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homemade banana bread: a delicious cure for the cold outside

oh so good with a cup of coffee
oh so good with a cup of coffee

Its been, well, arctic of late, to say the least. And who really wants to go outside. But alas, there is still work and school to attend. So to ease the pain brought on by those freezing temperatures, its time for a crowd favorite here in my home: banana bread.

I keep a stash of overripe bananas in a ziploc in my freezer for just these kinds of occasions. I let them defrost for a bit in a bowl, as there always seems to be a lot of extra “juice” once the bananas have melted. But they are the perfect consistency for the quick bread.

One important note, be sure your butter is room-temperature. I’ve tried to cheat here and there, (melting the butter. etc) and the bread always turns out the best with the softened butter.

And it really does taste amazing fresh out of the pan, still piping hot with cup of fresh coffee, especially when its arctic outside!

 quick bread in the roundBanana Bread
(recipe modified from Mark Bittman’s How to Cook Everything)
8 tbsp, softened butter (1 stick)
2 cups AP flour
1 tsp. salt
1 1/2 tsp. baking powder
3/4 cup sugar
2 eggs
3-4 very ripe bananas-mashed
1 tsp vanilla extract
1/2 tsp. ground cinnamon
1/4 tsp. ground cloves
1/8 tsp. fresh ground nutmeg

• Preheat oven to 350 degrees F. Grease a 9×5 inch loaf pan with butter.
• Mix together in a large bowl the dry ingredients: Flour, salt, baking powder,  and sugar.
• With a mixer, cream the butter. Then add in the eggs and the mashed bananas.
• Add the butter-egg-banana mixture to the dry ingredients and combine. Now add in the vanilla and the spices. Mix until combined.
• Pour the batter into the loaf pan and bake for almost 45-60 minutes. (my oven is less than reliable so I start checking the bread at around 45 minutes with a skewer to see if the center is done. Your testing instrument of choice (knife, toothpick etc) should come out clean.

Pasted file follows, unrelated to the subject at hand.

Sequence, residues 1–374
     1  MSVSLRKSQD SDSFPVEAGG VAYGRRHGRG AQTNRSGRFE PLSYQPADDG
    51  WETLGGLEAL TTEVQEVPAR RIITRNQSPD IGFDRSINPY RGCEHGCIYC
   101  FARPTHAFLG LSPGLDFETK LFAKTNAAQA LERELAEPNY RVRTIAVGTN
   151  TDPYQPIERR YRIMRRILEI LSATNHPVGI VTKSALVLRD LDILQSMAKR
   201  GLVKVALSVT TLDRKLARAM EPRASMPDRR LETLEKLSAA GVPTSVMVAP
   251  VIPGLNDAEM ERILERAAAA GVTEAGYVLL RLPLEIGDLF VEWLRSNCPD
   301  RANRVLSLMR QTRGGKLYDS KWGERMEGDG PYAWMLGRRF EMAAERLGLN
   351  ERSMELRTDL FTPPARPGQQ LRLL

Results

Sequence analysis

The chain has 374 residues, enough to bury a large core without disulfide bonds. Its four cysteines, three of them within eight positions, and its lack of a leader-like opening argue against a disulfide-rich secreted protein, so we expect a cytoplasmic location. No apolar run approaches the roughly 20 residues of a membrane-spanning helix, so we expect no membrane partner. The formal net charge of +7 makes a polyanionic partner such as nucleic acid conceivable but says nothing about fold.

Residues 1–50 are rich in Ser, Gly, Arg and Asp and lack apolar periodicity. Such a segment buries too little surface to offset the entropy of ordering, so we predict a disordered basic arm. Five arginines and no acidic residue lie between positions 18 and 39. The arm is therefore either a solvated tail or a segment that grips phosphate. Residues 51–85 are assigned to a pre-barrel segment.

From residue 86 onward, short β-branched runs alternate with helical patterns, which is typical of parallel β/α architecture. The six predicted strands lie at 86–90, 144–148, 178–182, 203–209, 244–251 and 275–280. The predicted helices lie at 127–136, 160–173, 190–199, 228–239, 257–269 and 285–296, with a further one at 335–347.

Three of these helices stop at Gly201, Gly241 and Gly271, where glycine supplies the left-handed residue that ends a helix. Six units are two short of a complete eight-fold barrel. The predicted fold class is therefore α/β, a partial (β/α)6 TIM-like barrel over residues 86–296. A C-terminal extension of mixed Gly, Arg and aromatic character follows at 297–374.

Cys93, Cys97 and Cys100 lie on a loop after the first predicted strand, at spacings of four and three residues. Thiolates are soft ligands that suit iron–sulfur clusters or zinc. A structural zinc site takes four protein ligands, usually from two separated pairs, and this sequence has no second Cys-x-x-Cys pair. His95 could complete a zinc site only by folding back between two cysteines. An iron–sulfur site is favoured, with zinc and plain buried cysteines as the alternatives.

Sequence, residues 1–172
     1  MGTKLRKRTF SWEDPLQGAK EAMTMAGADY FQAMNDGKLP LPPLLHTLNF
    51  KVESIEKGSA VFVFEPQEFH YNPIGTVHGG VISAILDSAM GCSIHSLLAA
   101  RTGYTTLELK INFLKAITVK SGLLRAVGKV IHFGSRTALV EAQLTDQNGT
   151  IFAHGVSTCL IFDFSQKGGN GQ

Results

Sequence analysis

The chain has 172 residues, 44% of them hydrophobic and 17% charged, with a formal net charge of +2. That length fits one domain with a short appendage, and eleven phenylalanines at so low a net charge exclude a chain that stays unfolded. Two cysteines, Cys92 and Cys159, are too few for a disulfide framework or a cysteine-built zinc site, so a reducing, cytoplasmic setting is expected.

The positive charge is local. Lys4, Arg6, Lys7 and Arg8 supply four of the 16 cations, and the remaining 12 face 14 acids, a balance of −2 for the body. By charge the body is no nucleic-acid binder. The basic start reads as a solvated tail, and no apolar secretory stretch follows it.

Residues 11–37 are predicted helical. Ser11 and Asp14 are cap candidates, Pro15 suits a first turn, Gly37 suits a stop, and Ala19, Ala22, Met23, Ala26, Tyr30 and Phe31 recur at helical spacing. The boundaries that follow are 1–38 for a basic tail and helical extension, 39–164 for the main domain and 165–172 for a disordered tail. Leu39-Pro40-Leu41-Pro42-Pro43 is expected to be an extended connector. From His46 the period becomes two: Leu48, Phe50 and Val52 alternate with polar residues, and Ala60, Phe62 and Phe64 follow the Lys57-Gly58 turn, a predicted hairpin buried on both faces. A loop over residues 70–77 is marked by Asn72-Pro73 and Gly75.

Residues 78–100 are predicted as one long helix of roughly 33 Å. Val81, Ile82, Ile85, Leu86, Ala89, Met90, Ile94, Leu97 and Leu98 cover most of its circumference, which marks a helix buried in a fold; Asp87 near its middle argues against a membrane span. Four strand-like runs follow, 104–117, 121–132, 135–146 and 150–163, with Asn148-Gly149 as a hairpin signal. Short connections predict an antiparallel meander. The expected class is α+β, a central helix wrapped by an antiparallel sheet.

• Cool for about 15-20 minutes before trying to get the bread out of the pan. Its a mess if you don’t!

Now go cut yourself a slice and pour yourself a nice cup of coffee to enjoy with it!

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zucchini bread, part 1

Lots summer zucchini,  but what to do with it all? Afterall, there is only so much quiche and frittatta a girl can eat! (Or that my children and husband will eat….)

And so I turn to my trusty friend, the bread maker. Its probably the best kitchen item I was ever given, that bread maker. Its seen a lot of flour and made a lot of amazing bread. And this recipe is one of my favorites.

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Its pretty simple as bread recipes go. Simply adding in flour, water, sugar, butter and the grated zucchini, a little ground clove and a little cinnamon.

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Close the lid, add in the yeast to the dispenser at the top of the machine and press start.

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It takes about 4 hours from start to finish for the bread dough to mix, rise and bake. Even on a hot summer day, its totally worth it. Everything tastes better on a piece of freshly baked bread.

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a csa bounty of zucchini, squash & onions…oh my!

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Our CSA, Mountain View Farms in Western Massachusetts is amazing. Last Thursday, I came home to find my counter full of zucchini, squash, onions not to mention beets, swiss chard, kale and cucumbers. Just the sight of all that luscious greenery made me happy. Getting to cook with it all, made me even happier.

Fresh sliced onions  sliced onions

After seeing how beautiful the onions were, I suddenly had a craving for onion tart.
So that’s where I started. I simply sautéed sliced onions in a pan with a little olive oil, plus a pinch of herbes de provence and little salt and pepper. Once the onions had cooked down a bit, I added in splash of white wine,  put the lid on the pan and let them simmer.

Meanwhile in a separate pan, because by now I had decided to make a quiche with all the zucchini, I browned a bit of canadian bacon to add into both dishes.

simple onion tartOnce both the onions were almost caramelized and the bacon just browned, I tossed them both together and added the mixture to my (not homemade) pie shell.

After about 30 minutes in a 350 degree oven, the tart was done. Salty, sweet and fragrant.

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I worked up the zucchini quiche at the same time,because you can never have too many things cooking at once on a hot summer afternoon.

I sautéed the zucchini , a little more of the onion and the rest of the canadian bacon. Once the vegetables where cooked through (but not soggy) and had cooled just a bit, I added them to the beaten egg and grated cheese mixture. Gave it a good stir to coat the vegetables, and poured everything into the pie shell.

It took 45 minutes at 350 for the quiche, but the result was worth it.